iPhone medical app review: Medical Terminology and Abbreviations Quick Reference

I’ve been using the above iPhone program for the last month or so, and here’s a short review and interview of the programmer.  Disclosures: they gave me a free $1.99 copy to use.

My review: a very useful reference for those new to medical terminology, or who teach the same group.  Could use a search function, but otherwise it’s worth the price.

My review after the fold:

After a brief splash screen you’re given an easy to understand interface:


As an example, I chose ‘abbreviations’ and here’s the answer format:


Terminology gives these choices


with this sort of result:

IMG_0008 IMG_0007 IMG_0009

It’s by a company called Phantom Software (link opens in iTunes), and I did a short Q&A with the author, Jesse Waites:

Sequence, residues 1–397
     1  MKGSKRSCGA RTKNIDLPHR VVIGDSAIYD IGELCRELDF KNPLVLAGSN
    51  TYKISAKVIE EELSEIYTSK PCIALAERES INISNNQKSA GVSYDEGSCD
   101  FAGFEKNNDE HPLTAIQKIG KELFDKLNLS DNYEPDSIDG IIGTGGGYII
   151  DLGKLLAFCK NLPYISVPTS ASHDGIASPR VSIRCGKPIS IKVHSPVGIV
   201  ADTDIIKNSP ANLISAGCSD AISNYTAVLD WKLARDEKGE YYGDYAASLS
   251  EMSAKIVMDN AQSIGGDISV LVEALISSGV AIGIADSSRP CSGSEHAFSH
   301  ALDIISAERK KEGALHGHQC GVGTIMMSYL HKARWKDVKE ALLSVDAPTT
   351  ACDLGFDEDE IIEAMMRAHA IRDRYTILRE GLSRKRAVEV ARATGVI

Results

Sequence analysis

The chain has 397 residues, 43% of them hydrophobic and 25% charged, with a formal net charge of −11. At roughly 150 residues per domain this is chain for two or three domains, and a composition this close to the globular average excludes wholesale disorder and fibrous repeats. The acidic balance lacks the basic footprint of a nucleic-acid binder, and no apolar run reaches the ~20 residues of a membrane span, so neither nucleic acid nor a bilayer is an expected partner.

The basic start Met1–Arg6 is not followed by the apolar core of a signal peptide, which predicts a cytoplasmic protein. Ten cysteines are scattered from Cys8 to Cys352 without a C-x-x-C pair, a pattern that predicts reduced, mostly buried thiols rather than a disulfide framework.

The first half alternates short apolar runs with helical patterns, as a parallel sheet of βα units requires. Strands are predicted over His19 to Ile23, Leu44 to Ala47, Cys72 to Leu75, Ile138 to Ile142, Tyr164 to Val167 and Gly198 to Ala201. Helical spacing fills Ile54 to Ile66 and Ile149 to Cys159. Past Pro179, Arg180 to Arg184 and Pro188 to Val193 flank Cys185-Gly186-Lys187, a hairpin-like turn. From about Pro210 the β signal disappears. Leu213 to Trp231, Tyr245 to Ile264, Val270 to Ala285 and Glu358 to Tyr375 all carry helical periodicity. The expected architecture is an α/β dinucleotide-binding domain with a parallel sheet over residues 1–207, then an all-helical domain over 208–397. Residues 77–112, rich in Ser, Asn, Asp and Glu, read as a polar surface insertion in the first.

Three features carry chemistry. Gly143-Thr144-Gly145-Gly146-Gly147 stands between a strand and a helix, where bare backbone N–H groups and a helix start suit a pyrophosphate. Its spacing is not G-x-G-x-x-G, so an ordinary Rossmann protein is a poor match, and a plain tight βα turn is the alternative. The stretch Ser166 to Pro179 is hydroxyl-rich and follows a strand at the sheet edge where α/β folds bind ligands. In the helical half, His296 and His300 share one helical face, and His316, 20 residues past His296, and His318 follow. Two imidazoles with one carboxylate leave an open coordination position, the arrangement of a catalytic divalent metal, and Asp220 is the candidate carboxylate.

1- What made you decide to make this particular App?

I was wandering through the desert, tripping on acid, and the idea came to me in a vision.

I’m kidding….  :)

I was excited by the new mobile platform that Apple introduced, and impressed by Apple’s distribution platform, so I took a look around the medical subsection to see what was missing. I am a Surgery Technician by trade, so I thought it best to begin with what I know. I was fortunate enough to find something with broad appeal that would be useful to student doctors, nurses, and everyone else in the medical field. A co-worker mentioned that she was surprised no one else had thought of it first, and I silently agreed. Ideas to me seem similar to how some musicians write their songs… it was always there, you just have to be attuned and listen for it. I just pulled it out of the air. All of my ideas appear like that, like they are given to me, like the songs I play on my guitar.